Forge Web Credentials
Adversaries may forge credential materials that can be used to gain access to web applications or Internet services. Web applications and services (hosted in cloud SaaS environments or on-premise servers) often use session cookies, tokens, or other materials to authenticate and authorize user access.
Adversaries may generate these credential materials in order to gain access to web resources. This differs from Steal Web Session Cookie, Steal Application Access Token, and other similar behaviors in that the credentials are new and forged by the adversary, rather than stolen or intercepted from legitimate users. The generation of web credentials often requires secret values, such as passwords, Private Keys, or other cryptographic seed values.
Once forged, adversaries may use these web credentials to access resources (ex: Use Alternate Authentication Material), which may bypass multi-factor and other authentication protection mechanisms.
Administrators should perform an audit of all access lists and the permissions they have been granted to access web applications and services. This should be done extensively on all resources in order to establish a baseline, followed up on with periodic audits of new or updated resources. Suspicious accounts/credentials should be investigated and removed.
Enable advanced auditing on ADFS. Check the success and failure audit options in the ADFS Management snap-in. Enable Audit Application Generated events on the AD FS farm via Group Policy Object.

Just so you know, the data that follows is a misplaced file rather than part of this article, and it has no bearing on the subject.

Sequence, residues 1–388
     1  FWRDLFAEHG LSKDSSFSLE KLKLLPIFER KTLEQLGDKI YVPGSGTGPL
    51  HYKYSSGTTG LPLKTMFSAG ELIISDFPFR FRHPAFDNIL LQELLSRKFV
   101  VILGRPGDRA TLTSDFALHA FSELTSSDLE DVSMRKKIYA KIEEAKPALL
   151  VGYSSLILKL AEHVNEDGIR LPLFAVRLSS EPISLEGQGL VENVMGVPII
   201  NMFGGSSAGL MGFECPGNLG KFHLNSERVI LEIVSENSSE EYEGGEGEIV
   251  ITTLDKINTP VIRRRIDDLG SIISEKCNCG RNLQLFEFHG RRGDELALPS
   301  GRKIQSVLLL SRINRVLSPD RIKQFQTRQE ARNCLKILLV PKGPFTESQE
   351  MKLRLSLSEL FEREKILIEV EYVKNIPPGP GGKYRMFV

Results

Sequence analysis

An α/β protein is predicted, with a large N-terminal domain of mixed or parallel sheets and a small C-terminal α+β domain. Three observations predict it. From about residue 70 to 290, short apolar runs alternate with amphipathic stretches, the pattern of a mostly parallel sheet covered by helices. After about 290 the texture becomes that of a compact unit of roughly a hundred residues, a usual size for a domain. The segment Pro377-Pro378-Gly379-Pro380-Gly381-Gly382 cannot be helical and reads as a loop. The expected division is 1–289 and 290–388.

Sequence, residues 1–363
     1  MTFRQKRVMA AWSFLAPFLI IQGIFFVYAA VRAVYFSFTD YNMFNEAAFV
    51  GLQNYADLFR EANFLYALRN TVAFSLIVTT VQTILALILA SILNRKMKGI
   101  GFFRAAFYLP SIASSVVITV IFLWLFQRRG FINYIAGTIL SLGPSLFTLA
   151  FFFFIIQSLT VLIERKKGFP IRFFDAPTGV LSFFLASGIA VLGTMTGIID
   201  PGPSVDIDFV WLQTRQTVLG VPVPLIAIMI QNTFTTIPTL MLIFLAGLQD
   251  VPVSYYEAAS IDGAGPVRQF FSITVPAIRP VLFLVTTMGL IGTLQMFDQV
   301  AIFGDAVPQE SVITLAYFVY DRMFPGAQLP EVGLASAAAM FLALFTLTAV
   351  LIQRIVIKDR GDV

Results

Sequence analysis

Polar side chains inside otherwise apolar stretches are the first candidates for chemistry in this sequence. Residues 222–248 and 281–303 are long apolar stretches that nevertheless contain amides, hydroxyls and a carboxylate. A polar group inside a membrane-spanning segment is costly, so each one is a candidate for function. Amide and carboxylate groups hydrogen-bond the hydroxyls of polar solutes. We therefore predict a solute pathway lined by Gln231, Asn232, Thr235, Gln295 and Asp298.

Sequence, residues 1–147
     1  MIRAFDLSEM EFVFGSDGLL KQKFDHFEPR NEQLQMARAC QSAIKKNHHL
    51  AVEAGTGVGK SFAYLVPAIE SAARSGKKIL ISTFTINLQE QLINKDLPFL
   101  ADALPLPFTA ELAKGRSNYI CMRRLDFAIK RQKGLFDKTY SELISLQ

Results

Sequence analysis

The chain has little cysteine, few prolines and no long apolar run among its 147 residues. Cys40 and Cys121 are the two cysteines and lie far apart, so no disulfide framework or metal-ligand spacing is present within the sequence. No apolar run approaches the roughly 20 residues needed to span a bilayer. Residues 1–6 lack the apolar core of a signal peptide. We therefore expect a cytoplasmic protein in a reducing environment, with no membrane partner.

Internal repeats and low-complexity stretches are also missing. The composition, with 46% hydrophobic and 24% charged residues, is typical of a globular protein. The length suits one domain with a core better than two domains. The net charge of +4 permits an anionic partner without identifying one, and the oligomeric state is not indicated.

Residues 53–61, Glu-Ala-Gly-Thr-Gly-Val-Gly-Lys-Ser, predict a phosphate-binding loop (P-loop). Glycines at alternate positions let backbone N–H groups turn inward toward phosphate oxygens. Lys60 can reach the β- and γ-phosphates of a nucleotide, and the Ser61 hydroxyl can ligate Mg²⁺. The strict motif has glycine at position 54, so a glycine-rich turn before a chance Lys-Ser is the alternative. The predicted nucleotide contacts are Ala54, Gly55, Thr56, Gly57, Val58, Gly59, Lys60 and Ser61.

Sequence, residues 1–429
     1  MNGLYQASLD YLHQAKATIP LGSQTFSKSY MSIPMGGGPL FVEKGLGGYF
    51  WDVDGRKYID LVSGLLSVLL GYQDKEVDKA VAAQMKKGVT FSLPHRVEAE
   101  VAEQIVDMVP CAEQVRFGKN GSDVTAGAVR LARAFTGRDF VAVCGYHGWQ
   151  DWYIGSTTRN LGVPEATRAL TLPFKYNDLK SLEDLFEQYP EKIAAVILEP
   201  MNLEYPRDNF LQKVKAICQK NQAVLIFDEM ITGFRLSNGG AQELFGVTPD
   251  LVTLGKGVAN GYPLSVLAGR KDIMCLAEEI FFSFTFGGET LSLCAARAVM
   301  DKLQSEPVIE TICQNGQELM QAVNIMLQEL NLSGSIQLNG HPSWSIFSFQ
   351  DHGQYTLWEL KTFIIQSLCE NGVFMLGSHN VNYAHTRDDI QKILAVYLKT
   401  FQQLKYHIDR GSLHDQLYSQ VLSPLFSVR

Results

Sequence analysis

|M1026||Privileged Account Management||
Restrict permissions and access to the AD FS server to only originate from privileged access workstations.
Configure browsers/applications to regularly delete persistent web credentials (such as cookies).
|M1018||User Account Management||
Ensure that user accounts with administrative rights follow best practices, including use of privileged access workstations, Just in Time/Just Enough Administration (JIT/JEA), and strong authentication. Reduce the number of users that are members of highly privileged Directory Roles.
Monitor for anomalous authentication activity, such as logons or other user session activity associated with unknown accounts. Monitor for unexpected and abnormal access to resources, including access of websites and cloud-based applications by the same user in different locations or by different systems that do not match expected configurations.
- Damian Hickey. (2017, January 28). AWS-ADFS-Credential-Generator. Retrieved December 16, 2020.
- Rehberger, J. (2018, December). Pivot to the Cloud using Pass the Cookie. Retrieved April 5, 2019.
- Chen, Y., Hu, W., Xu, Z., et. al. (2019, January 31). Mac Malware Steals Cryptocurrency Exchanges’ Cookies. Retrieved October 14, 2019.